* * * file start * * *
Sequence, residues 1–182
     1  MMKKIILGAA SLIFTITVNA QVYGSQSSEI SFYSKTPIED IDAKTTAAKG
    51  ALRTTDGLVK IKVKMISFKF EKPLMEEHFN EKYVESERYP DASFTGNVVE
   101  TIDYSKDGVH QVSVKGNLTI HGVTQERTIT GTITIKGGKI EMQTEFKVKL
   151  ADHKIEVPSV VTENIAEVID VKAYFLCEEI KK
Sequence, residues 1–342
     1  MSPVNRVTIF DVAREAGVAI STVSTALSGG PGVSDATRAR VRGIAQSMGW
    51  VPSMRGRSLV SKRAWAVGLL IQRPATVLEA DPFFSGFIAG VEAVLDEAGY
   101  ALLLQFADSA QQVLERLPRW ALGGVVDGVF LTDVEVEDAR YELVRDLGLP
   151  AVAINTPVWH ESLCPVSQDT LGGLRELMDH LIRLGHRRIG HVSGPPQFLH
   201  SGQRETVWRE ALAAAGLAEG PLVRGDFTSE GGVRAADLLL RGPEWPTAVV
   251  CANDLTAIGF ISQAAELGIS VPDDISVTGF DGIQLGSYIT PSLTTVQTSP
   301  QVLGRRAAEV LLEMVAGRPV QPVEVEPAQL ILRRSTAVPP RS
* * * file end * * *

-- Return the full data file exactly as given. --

Sequence, residues 1–182
     1  MMKKIILGAA SLIFTITVNA QVYGSQSSEI SFYSKTPIED IDAKTTAAKG
    51  ALRTTDGLVK IKVKMISFKF EKPLMEEHFN EKYVESERYP DASFTGNVVE
   101  TIDYSKDGVH QVSVKGNLTI HGVTQERTIT GTITIKGGKI EMQTEFKVKL
   151  ADHKIEVPSV VTENIAEVID VKAYFLCEEI KK
Sequence, residues 1–342
     1  MSPVNRVTIF DVAREAGVAI STVSTALSGG PGVSDATRAR VRGIAQSMGW
    51  VPSMRGRSLV SKRAWAVGLL IQRPATVLEA DPFFSGFIAG VEAVLDEAGY
   101  ALLLQFADSA QQVLERLPRW ALGGVVDGVF LTDVEVEDAR YELVRDLGLP
   151  AVAINTPVWH ESLCPVSQDT LGGLRELMDH LIRLGHRRIG HVSGPPQFLH
   201  SGQRETVWRE ALAAAGLAEG PLVRGDFTSE GGVRAADLLL RGPEWPTAVV
   251  CANDLTAIGF ISQAAELGIS VPDDISVTGF DGIQLGSYIT PSLTTVQTSP
   301  QVLGRRAAEV LLEMVAGRPV QPVEVEPAQL ILRRSTAVPP RS